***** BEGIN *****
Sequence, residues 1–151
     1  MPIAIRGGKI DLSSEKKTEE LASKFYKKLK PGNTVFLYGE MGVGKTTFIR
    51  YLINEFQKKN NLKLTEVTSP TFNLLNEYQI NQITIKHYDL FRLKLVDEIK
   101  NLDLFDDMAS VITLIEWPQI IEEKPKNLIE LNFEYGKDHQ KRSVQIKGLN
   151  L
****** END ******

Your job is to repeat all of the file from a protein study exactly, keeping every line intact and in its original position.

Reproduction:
Sequence, residues 1–151
     1  MPIAIRGGKI DLSSEKKTEE LASKFYKKLK PGNTVFLYGE MGVGKTTFIR
    51  YLINEFQKKN NLKLTEVTSP TFNLLNEYQI NQITIKHYDL FRLKLVDEIK
   101  NLDLFDDMAS VITLIEWPQI IEEKPKNLIE LNFEYGKDHQ KRSVQIKGLN
   151  L